Exhibit PG&E-4, Chapter 4, Electric Mapping and Records Management, requests that the Commission adopt its 2014 expense forecast of $31.1 million for the Electric Distribution Mapping and Records Management Program. It goes on to state that the 2014 forecast for Electric Distribution Mapping and Records Management Program is approximately $27.8 million higher than 2011 recorded expenses. And that the main drivers for the increase are initiatives PG&E plans to pursue that will improve the accuracy, completeness, uniformity, and accessibility of its electric distribution system records. Some of these initiatives are in response to the Commission-appointed Independent Review Panel (IRP) report issued in June 2011 and ongoing Companywide records improvement efforts. CEP believes that those ratepayers who wish to avoid RF radiation need to readily know the location of wireless infrastructure, including collector meters, in close proximity to where the customer may occupy a building, with the ability to have removal of same as needed by the customer(s).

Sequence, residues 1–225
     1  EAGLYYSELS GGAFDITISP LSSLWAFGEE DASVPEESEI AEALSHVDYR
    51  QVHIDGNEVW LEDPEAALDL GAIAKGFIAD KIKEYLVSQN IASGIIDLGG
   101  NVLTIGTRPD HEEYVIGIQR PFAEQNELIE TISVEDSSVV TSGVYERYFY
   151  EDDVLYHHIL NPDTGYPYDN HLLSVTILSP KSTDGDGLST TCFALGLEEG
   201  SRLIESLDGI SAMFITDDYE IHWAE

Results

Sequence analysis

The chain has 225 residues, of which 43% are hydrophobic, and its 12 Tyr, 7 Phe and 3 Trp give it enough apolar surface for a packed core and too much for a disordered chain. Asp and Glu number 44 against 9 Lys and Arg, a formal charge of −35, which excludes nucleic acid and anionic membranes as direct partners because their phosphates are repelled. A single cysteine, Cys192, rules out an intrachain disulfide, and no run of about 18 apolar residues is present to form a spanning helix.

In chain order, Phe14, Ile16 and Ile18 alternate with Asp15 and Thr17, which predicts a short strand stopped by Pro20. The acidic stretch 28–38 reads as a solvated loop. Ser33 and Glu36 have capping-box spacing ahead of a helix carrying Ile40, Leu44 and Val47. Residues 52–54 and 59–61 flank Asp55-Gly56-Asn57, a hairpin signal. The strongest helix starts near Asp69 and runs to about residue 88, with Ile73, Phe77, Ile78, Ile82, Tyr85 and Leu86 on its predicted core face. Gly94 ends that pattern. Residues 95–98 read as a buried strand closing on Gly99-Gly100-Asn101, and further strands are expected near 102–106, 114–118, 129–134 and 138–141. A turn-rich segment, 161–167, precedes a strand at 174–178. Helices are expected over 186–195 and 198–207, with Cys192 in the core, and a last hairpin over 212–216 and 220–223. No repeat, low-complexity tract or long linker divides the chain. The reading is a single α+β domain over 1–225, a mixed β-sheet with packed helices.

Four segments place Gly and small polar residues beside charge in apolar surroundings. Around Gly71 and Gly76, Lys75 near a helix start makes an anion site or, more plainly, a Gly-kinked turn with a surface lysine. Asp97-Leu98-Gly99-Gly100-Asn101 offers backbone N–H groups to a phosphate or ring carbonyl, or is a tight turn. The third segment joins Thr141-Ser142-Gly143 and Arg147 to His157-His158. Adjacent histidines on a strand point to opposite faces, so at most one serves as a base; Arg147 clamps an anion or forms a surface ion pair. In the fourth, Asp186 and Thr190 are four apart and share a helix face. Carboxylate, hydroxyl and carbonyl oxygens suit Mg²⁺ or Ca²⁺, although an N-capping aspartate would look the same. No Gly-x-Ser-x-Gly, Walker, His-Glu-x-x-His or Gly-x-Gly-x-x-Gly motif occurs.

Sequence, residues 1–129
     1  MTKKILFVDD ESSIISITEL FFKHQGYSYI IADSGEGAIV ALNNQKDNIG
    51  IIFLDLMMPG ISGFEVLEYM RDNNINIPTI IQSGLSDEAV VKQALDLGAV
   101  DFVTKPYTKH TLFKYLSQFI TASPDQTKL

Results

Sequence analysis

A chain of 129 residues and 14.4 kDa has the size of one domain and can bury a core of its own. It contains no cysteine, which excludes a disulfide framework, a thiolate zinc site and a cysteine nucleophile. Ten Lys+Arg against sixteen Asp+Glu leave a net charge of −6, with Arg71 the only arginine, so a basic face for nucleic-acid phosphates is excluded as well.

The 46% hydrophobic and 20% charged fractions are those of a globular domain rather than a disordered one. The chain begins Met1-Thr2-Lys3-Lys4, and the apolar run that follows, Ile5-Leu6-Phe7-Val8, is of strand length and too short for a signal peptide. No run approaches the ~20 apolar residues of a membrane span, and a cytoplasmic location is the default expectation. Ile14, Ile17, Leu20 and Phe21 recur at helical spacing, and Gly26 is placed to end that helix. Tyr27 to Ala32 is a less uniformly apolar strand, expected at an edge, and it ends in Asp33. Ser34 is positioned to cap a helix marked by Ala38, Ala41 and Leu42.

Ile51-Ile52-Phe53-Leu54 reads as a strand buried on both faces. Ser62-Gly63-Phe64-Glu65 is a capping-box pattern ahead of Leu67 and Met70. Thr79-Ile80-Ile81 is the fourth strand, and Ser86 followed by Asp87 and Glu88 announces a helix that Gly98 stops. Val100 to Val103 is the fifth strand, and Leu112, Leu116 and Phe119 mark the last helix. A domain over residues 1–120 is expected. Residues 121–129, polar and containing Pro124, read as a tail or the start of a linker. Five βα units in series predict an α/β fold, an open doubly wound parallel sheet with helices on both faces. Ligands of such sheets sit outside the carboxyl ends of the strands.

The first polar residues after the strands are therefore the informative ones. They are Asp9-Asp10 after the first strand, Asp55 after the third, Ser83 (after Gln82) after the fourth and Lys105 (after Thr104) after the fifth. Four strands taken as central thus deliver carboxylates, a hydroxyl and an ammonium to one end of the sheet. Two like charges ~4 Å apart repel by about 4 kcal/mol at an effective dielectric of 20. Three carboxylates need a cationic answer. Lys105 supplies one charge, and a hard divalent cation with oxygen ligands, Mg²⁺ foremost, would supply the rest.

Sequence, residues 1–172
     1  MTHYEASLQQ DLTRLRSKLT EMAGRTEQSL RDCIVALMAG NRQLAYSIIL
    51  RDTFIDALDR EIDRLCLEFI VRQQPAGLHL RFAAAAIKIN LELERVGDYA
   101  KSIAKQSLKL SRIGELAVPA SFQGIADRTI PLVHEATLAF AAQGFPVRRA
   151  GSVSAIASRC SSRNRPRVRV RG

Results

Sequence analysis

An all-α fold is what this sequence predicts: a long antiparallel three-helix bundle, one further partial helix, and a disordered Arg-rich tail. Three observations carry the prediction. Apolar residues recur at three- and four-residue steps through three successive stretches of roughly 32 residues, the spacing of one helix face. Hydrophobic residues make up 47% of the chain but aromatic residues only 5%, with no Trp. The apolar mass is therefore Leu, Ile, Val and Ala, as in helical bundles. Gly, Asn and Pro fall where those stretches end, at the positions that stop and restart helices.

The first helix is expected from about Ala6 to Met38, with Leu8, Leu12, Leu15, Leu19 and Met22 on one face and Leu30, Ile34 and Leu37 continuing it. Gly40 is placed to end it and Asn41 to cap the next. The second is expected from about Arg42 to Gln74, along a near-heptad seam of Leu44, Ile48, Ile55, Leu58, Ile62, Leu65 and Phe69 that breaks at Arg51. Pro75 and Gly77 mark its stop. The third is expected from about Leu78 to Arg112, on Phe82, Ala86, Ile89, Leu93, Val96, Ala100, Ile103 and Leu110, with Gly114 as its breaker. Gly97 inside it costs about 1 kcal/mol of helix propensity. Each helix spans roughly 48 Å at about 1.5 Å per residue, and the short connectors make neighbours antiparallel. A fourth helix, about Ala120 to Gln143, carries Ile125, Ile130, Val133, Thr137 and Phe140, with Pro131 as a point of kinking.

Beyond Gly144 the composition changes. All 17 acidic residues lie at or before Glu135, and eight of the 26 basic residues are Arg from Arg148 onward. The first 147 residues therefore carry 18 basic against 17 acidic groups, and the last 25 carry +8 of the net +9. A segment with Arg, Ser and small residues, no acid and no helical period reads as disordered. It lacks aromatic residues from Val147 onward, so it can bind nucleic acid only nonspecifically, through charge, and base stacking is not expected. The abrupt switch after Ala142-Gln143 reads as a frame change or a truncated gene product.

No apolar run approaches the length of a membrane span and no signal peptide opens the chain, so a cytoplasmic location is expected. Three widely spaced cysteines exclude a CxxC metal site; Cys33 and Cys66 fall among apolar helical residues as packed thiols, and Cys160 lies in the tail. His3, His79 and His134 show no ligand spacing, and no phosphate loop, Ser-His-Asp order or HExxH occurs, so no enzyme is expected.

CEP believes that the CPUC must adopt inspection, maintenance, repair, and replacement standards to maintain safety for the electric distribution systems of investor-owned electric utilities. The CPUC should not give PG&E an increase in Electric Mapping and Records Management in MWC GE until after appropriate standards are adopted, based on precautionary
CEP Opening Testimony
protections of the public health, medical6 and independent expert recommendations7 and available customer data8. CEP proposes transparent, publicly available mapping of all wireless infrastructure labeled so the public can clearly access information regarding location, signal strength and full duty cycles [not limited to data transmission], actual [not averaged] radiofrequency radiation emissions from 6 inches - 500 foot intervals, including maximum peak levels and intervals for pulsed radiofrequency radiation, and identifying exact frequencies being utilized. These maps and data shall be updated in real time, at least weekly. This information is necessary for public health and safety. CEP proposes that all wireless infrastructure be located away from occupied areas and be replaced with fiberoptic, shielded cable for transmissions of data to protect the public safety. CEP proposes that opt-out programs be expanded as a step to full elimination of wireless infrastructure, as quickly as possible, due to known health and safety risks of radiofrequency radiation transmitted in the air and along wiring9. CEP agrees with PG&E’s requests pertaining to incorporation of smart meter opt-out fees into general rates as reflected in Exhibit PG&E-5, pp. 10-1 through 10-2. CEP also agrees with DRA’s recommendation10 for the opt-out program: “DRA recommends the Commission adopt a one-way balancing account for all Opt-Out costs and revenues as the actual costs in 2014 are dependent on the results of A. 11-03-014.”